Unsurprisingly for an Ace Attorney game, the cast of characters here is also absolutely delightful. Creative art design and wonderfully detailed animations for each character, on top of smart writing that is brimming with that trademark Ace Attorney humour, help bring each of them to life in excellent ways, injecting them all with oodles of personality and helping them stand out in memory, no matter how major or minor a role they might play in the story. Ryunosuke Naruhodo is an excellent protagonist, his judicial assistant Susato Mikotoba is a loyal and capable companion, famous real-life Japanese novelist Natsume Soseki is an endearing mess of a person, while prosecutor Barok Van Zieks is a formidable (and appropriately over-the-top) rival for Ryunosuke.
"Unsurprisingly for an Ace Attorney game, the cast of characters here is absolutely delightful."
Best of all is Sherlock Holmes (referred to as Herlock Sholmes here so that Capcom could avoid copyright disputes), who is introduced early on in the first game, and proceeds to dominate every scene he’s in. Holmes (or Sholmes) is depicted quite interestingly here- he retains the cocky, confident, charismatic persona that you’d expect from the character, but quite often, he’s full of hot hair. Watching him make hilariously off-base deductions or bumbling about foolishly with little to no self-awareness (even as others around him continue to be awed by his brilliant deductive powers, which clearly aren’t all that brilliant) is easily one of the highlights of the experience.
One of the central new mechanics that the Great Ace Attorney duology introduces to the series’ formula, in fact, revolves around Sholmes. Every so often during investigations, he makes series of deductions based on his “keen” observations in typical Sherlock Holmes fashion- but many of his observations are misguided, and his deductions, as such, are inaccurate. It falls to you, in these scenarios, to make your own observations and make gentle corrections to Sholmes’ deductions in order to arrive at a more accurate conclusion. These sections aren’t the most challenging (a general lack of challenge is an issue with both games, in fact), but thanks to slick presentation and smart little narrative twists and revelations, they are consistently enjoyable and satisfying.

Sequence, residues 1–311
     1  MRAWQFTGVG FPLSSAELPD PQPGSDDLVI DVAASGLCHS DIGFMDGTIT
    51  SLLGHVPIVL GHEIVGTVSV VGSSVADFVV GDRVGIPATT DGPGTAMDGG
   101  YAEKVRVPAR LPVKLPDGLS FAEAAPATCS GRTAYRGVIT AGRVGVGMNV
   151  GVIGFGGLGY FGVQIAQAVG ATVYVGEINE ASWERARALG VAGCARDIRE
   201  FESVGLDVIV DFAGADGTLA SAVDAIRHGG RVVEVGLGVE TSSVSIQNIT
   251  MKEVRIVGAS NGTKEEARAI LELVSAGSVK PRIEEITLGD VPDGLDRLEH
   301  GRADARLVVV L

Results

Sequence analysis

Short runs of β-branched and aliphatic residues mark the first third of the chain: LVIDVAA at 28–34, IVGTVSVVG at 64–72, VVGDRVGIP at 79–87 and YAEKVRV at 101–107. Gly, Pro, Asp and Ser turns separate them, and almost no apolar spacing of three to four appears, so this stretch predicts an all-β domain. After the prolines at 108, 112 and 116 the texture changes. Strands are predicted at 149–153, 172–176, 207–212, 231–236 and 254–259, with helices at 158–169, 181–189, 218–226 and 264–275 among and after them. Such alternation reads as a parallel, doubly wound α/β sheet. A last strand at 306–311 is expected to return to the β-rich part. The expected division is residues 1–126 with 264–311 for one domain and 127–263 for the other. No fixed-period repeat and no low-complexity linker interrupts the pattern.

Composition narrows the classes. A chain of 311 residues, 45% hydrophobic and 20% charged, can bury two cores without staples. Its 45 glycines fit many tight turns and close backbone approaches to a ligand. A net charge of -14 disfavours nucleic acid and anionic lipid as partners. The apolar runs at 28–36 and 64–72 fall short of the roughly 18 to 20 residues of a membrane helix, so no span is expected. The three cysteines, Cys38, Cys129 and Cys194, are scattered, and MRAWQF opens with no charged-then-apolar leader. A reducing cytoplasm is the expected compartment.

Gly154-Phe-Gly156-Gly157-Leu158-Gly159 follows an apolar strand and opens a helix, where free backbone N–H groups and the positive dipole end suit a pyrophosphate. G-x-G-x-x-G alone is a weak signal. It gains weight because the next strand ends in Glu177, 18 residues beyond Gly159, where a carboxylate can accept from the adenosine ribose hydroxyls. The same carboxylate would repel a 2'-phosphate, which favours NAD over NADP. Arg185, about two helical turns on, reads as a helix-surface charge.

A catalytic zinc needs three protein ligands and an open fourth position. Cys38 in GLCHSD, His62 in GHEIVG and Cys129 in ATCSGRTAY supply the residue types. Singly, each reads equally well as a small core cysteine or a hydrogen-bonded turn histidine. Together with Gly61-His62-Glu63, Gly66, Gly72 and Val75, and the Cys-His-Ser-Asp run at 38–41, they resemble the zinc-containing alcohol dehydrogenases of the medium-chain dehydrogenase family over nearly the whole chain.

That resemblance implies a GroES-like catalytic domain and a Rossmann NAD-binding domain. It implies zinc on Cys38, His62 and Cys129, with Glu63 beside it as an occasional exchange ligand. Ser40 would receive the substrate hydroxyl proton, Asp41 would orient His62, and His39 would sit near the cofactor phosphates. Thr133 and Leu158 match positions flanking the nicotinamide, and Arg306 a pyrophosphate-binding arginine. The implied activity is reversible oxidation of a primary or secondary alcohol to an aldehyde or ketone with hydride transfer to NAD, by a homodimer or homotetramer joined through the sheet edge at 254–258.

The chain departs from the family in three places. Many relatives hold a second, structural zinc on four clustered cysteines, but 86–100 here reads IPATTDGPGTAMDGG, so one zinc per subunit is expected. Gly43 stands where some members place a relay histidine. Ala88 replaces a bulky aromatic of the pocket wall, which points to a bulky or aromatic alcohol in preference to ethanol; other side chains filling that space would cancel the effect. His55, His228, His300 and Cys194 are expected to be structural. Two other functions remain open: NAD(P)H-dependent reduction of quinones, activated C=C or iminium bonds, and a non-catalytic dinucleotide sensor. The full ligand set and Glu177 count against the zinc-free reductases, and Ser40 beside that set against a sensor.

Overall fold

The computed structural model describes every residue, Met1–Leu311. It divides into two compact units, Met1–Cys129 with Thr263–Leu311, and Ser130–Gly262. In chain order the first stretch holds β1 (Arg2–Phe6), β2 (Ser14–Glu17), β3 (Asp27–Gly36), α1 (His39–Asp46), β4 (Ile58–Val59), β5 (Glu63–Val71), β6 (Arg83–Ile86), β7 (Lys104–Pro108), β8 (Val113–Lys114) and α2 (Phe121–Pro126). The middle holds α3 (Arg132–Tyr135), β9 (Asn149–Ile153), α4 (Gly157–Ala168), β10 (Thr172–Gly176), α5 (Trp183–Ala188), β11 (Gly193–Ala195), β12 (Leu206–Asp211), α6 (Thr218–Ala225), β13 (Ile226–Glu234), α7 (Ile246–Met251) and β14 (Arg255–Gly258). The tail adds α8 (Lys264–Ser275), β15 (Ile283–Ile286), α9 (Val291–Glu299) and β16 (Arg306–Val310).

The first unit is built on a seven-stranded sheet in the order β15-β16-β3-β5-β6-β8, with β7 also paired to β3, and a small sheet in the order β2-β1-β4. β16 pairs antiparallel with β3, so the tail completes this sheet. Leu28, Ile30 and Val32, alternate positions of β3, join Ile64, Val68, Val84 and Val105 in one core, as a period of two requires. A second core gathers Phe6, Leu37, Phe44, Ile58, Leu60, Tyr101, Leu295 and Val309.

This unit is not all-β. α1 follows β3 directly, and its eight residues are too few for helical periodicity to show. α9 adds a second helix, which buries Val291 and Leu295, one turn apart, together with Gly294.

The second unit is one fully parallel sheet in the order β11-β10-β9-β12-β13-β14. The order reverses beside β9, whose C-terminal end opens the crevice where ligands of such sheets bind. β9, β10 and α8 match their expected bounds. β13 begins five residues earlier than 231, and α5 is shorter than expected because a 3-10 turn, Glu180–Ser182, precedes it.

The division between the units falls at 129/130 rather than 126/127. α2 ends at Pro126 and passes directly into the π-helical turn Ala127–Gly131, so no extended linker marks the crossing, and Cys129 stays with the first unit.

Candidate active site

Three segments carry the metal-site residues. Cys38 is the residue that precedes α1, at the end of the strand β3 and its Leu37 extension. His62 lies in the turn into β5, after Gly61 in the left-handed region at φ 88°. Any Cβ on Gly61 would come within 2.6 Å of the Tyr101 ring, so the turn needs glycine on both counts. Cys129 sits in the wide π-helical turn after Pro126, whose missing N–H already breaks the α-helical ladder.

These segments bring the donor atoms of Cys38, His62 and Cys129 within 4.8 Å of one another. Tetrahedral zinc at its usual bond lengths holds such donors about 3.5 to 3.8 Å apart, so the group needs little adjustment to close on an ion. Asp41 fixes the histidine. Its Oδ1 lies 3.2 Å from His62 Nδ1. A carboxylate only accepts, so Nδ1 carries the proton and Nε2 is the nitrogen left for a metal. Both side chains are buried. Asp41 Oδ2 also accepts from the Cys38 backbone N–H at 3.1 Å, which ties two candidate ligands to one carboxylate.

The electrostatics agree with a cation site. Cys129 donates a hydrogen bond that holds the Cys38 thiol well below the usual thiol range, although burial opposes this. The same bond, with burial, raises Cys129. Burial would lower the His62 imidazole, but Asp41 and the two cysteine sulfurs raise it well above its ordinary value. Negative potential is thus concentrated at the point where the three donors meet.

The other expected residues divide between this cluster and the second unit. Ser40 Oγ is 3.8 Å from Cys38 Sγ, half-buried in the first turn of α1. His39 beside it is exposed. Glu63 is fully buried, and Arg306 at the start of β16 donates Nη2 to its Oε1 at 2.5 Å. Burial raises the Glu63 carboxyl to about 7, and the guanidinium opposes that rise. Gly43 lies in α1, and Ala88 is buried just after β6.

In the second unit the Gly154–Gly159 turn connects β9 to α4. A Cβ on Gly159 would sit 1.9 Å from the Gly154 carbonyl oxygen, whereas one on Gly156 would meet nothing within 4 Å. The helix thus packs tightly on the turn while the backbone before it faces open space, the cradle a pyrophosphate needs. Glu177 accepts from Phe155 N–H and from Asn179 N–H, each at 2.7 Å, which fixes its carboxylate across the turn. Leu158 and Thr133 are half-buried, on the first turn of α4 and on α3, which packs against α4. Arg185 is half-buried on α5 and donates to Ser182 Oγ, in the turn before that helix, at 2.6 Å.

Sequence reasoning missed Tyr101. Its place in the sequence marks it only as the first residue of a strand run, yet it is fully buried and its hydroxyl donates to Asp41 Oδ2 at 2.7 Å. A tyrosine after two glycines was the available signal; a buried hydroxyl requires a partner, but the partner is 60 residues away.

Beyond Sholmes’ deductions and Ryunosuke’s course corrections following those deductions, The Great Ace Attorney Chronicles adds another interesting element to the series’ formula in the form of juries. We have seen juries in Ace Attorney games before (to some limited extent), but in the Great Ace Attorney games, they’re a much more fundamental part of cases, and directly influence the outcome of trials. Every so often, juries might make decisions that are not in your favour, following which it falls to you to change their minds during summation examinations so the trial can be allowed to continue.
"Some of the best cases in Ace Attorney history can be found in this duology, with The Great Ace Attorney 2 in particular delivering a constant stream of complex and engrossing mysteries."